The pieces of the quilt displayed this month were only a portion of the full collection, but even within the small sampling they include a variety of experiences, of voices, and of perspectives. Some squares came from people who seemed only to have just begun the journey toward healing, and some seemed further along. The honesty of each square was remarkable and illustrated the idea that everyone’s healing process will be different, that how people used this quilt and what they needed from it will be different, but that we are all still able to support one another. “Please don’t tell me it didn’t happen or that I should be over it by now,” one read. Another quoted the Bible: “They are extinguished. I am about to do a new thing.”
For survivors, the small glimpses into these experiences are meant to provide validation and a sense of compassion that is often denied to them by the media, their community members, and even the justice system. Each story is a reminder that they are not alone. For folks who feel like they’ve been rendered invisible by dominant narratives about sexual violence and the endless victim-blaming, slut-shaming, and rape apology present within our culture, the quilt is an embodiment of the will to overcome stigma and find support and recognition.
“I was overwhelmed with a sense of gratitude that FORCE started this project, because it means that my experience matters,” said Melanie. “It means that what happened to me and others like me shouldn’t be kept hush-hush and shouldn’t be ignored because it’s part of a larger system of gender-based violence. Until now, no one has prioritized survivors of rape enough to create a public space for us to heal, be safe and for others to reflect on its place in our society.”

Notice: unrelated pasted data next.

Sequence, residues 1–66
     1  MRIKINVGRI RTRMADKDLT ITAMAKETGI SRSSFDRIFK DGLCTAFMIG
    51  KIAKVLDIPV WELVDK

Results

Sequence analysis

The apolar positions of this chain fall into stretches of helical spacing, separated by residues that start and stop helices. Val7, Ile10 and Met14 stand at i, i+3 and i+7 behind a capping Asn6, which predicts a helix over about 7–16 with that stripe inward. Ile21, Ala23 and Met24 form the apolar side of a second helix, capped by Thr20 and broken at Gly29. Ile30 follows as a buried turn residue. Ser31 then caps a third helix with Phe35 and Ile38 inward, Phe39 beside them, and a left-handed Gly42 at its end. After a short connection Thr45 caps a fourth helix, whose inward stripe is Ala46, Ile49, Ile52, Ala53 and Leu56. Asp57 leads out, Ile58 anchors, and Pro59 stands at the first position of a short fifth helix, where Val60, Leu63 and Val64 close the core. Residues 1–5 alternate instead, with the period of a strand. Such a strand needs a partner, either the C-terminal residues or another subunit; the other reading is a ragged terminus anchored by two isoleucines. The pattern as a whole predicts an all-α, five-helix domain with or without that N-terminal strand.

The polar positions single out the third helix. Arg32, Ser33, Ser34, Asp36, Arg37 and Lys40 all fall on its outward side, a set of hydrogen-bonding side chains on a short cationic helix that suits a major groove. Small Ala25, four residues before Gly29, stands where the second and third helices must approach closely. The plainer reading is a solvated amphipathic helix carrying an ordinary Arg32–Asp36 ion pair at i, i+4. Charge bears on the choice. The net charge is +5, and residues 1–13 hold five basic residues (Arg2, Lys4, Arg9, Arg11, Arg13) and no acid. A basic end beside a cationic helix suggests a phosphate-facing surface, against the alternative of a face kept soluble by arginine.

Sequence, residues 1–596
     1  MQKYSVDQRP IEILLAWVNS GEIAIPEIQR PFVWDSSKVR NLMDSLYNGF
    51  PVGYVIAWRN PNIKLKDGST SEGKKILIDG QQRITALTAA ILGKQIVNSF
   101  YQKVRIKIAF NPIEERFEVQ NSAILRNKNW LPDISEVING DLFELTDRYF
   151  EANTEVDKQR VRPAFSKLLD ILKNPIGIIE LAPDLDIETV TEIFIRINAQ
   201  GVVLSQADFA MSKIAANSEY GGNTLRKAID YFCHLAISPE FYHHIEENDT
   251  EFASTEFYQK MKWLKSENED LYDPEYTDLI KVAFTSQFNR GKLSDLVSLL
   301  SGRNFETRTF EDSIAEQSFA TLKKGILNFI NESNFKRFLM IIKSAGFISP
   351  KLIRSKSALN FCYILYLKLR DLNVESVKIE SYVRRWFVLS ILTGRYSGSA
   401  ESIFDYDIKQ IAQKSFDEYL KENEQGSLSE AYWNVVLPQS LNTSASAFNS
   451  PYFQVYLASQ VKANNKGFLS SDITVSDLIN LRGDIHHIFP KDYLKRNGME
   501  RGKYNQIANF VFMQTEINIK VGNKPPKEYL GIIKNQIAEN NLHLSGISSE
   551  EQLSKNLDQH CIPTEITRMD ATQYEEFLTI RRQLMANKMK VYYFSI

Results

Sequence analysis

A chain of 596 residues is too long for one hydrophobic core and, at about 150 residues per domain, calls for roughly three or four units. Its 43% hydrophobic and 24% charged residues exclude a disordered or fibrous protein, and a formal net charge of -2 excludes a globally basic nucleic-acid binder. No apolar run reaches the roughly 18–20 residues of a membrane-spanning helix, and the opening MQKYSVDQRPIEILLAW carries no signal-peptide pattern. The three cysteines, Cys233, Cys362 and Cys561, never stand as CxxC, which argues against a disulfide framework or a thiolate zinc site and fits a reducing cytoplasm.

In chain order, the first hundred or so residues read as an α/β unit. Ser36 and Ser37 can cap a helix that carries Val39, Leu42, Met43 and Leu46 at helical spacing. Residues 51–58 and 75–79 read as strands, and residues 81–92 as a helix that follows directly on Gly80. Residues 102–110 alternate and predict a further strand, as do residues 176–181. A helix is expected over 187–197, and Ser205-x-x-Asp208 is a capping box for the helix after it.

Another survivor who came out to the display, Mary, echoed Melanie’s experience with her own. “What really stuck out to me was that for the first time in my entire life, as a survivor, I was in a public space where it was safe to be open and honest about what happened to me,” she told me. “I left feeling safe.”
These reactions are a reminder of how important it is to create safe spaces for survivors and their allies—and why we need to have them be a permanent reality.
“The vision of The Monument Quilt is huge,” said organizer Brancato. “The only thing bigger is the need.”
Carmen Rios is a writer and activist from Washington, DC who has been working under-the-table and professionally in feminism since 2009. She recently began volunteering with FORCE. Photos courtesy of FORCE.
Related Reading: We Need a National Monument to Survivors of Sexual Assault.